Review Posted Online: Aug. 26, 2020

Kirkus Reviews Issue: Sept. 15, 2020

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A quiet delight of a book.

GRANDMA GATEWOOD'S WALK

THE INSPIRING STORY OF THE WOMAN WHO SAVED THE APPALACHIAN TRAIL

A journalist’s biography of the unassuming but gutsy 67-year-old Ohio grandmother who became the first person to walk all 2,050 miles of the Appalachian Trail three times.

When Emma Gatewood (1887–1983) first decided she would hike the A.T., she told no one what she planned to do—not even her 11 children or 23 grandchildren. Instead, she quietly slipped away from her home in May 1955 and began her walk at the southern terminus of the trail in Georgia. Accomplishing this feat—which she often described as “a good lark”—was enough for her. Tampa Bay Times staff writer Montgomery tells the story of Gatewood’s first hike and those that followed, interweaving the story with the heartbreaking details of her earlier life. He suggests that this woman, who eventually came to be known as “Queen of the Forest,” was far from the eccentric others claimed she was. Instead, Montgomery posits that this celebrated hiker used long-distance walking to help her come to terms with a dark secret. At 18, Gatewood married a man she later discovered had a violent temper and an insatiable sexual appetite. Despite repeated beatings over 30 years, she remained with him until he nearly killed her. Afterward, she lived happily with her children for almost 20 years. Montgomery suggests that an article in National Geographic may have been what first inspired Gatewood to hike the trail. However, as her remarkable trek demonstrated, while the A.T. was as beautiful as the magazine claimed, it was also in sore need of maintenance. Gatewood’s exploits, which would later include walking the Oregon Trail, not only brought national attention to the state of hikers’ trails across a nation obsessed with cars and newly crisscrossed with highways; it also made Americans more aware of the joys of walking and of nature itself.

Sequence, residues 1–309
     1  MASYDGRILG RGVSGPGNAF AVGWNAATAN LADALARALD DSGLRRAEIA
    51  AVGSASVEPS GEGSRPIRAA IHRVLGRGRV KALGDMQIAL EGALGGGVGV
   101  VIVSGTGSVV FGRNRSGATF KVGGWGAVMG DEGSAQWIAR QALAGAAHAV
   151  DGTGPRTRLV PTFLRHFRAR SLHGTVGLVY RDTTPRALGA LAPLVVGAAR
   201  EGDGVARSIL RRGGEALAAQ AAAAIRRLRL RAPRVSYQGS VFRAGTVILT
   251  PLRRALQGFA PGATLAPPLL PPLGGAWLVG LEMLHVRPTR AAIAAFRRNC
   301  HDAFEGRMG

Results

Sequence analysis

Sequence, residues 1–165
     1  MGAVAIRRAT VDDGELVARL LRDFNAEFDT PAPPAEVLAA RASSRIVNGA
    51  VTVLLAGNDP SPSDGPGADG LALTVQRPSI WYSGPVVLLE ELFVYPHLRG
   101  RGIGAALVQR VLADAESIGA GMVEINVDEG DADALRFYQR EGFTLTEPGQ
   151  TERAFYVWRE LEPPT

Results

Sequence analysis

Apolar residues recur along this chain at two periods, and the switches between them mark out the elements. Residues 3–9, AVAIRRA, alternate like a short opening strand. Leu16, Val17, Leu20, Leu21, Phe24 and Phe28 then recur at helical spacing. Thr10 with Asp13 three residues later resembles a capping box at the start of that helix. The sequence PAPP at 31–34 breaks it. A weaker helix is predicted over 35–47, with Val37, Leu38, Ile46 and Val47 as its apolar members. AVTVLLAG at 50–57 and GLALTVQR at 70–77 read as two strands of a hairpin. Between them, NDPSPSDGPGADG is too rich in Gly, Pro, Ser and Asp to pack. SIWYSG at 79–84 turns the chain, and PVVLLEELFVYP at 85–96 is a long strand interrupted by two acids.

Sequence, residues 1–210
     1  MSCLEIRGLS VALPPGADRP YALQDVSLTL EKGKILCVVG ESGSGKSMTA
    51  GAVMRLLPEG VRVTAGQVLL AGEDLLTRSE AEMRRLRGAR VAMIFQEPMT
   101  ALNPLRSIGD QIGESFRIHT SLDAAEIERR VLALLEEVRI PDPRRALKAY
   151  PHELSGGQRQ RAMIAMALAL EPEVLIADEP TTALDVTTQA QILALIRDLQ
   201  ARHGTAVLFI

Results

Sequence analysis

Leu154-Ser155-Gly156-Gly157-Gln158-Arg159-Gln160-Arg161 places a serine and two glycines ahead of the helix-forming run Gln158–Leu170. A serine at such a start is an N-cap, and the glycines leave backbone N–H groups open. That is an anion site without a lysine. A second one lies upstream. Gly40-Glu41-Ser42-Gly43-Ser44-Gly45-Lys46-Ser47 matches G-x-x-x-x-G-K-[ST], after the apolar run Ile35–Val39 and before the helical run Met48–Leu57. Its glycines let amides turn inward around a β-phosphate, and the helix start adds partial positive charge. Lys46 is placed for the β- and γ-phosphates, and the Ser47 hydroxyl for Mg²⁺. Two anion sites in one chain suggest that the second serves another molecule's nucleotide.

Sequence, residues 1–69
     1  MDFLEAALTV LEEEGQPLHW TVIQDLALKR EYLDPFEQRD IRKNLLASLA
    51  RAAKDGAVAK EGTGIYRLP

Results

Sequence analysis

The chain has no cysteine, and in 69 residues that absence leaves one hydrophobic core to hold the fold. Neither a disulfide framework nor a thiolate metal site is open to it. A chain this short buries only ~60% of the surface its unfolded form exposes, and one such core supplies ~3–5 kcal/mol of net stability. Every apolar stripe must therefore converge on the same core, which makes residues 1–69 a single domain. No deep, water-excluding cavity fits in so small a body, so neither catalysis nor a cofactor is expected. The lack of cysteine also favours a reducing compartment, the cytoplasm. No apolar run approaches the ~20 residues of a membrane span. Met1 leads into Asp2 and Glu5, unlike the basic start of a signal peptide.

A quiet delight of a book.

Pub Date: April 1, 2014

ISBN: 978-1-61374-718-6

Page Count: 288

Publisher: Chicago Review Press

Review Posted Online: Jan. 16, 2014

Kirkus Reviews Issue: Feb. 1, 2014